Guest post: How to Sustain Your Film’s Journey

This week we are joined by Michael Stillwater, director of the 2012 Best Documentary Award winner. Shining Night continues to be seen around the world. Most recently, the film received the Audience Choice Award among 25 documentaries at the Friday Harbor Film Festival. Michael writes on how to maintain your film’s journey after the festival comes to a close.

Our 2012 Best Documentary award at the DC Independent Film Festival for Shining Night: A Portrait of Composer Morten Lauridsen was both an unexpected honor and an early confirmation of the film’s public acceptance. Since then, 15 other festivals have selected Shining Night, including the Eugene International Film Festival where we also won Best Documentary.

Enliven Your Screenings

The film offers a glimpse into the life of Morten Lauridsen, considered one of America’s greatest contemporary composers. We were fortunate to have the subject of our film appear in-person at numerous screenings, including the Carmel Art & Film Festival, the Royal Welsh College of Music and Drama, the Albuquerque Film and Media Experience and our opening at the Danish Film Festival in Copenhagen.

Lauridsen’s strong interest in the project translated into a willingness to take part in screenings when possible. One challenge we faced was coordinating appearances with his schedule at USC where he is a music professor. We found that screenings he took part in achieved significantly increased attendance and enthusiasm.

Clarify Your Niche / Diversify Your Opportunities

Shining Night features a unique focus on choral works. As a result, we’ve received screening invitations from choral groups or festivals around the world, helping to fuel the film’s journey. These screenings often included performances by choruses and piano accompaniment by Lauridsen.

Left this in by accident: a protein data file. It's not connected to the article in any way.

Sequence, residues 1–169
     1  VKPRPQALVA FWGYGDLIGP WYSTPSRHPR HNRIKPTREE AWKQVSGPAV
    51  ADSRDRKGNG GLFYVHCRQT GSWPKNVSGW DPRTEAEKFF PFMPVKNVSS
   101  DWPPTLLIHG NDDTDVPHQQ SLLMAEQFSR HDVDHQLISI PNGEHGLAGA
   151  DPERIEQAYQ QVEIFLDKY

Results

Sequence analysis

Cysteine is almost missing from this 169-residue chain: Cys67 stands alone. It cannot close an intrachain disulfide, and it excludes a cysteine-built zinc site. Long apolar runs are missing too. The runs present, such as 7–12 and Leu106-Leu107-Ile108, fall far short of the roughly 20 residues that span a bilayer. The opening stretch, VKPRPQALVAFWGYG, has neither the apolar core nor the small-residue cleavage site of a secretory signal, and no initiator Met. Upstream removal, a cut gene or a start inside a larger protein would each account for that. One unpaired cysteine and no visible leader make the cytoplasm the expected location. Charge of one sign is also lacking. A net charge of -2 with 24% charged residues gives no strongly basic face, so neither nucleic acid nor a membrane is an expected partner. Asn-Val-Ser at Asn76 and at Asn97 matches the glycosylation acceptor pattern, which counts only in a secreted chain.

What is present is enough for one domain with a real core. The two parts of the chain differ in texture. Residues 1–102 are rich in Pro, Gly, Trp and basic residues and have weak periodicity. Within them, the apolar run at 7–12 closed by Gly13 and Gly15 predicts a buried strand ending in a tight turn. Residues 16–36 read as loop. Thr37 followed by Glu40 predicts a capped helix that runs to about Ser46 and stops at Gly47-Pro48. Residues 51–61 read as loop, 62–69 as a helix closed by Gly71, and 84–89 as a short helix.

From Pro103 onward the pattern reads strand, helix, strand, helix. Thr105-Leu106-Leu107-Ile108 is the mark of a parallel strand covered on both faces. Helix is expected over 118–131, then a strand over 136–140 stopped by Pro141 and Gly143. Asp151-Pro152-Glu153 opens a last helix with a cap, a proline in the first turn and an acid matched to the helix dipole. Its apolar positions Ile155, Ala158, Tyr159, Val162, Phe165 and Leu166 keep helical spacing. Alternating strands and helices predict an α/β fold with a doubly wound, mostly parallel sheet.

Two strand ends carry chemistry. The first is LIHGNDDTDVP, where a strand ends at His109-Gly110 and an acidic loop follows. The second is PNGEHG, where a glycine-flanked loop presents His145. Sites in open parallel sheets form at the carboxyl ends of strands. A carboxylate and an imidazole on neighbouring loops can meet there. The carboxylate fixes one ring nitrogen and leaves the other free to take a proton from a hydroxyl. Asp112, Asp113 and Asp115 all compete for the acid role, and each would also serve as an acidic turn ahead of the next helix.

We chose the Hal Leonard Corporation, the world’s largest publisher of written music, for Shining Night’s DVD distribution. Their position in the music-publishing world and their previous relationship as Lauridsen’s music distributor proved to be an ideal platform for sales. We also had early interest from KCET, Southern California’s largest public television network, to broadcast the film as a result of Lauridsen’s close relationship with them.  Additional broadcast opportunities included pay-per-view, library and university sales. We also released a film-companion photo/textbook, Morten Lauridsen’s Waldron Island Reflections, by GIA Publications.

Strategic decisions made in marketing and promotions are vital to fostering your film’s journey. To this day, we are still responding to screening requests. Our choices have sustained excitement and gained new audiences while we continue developing our film series, In Search of The Great Song.

For more on the film, visit

One Reply to “Guest post: How to Sustain Your Film’s Journey”

  1. Thanks Michael for sharing your words, your vision, and the rich textural quality of this movie. It has so many sensual layers, from the amazing sound track, to the visual landscapes that are balanced and paced like a meditative walk on the beach, or a trail through the woods, stopping and taking in the rich sounds of nature. You have captured in Shining Night, the human experience and the deep richness of our soul’s expression of harmony and beauty. Bravo!

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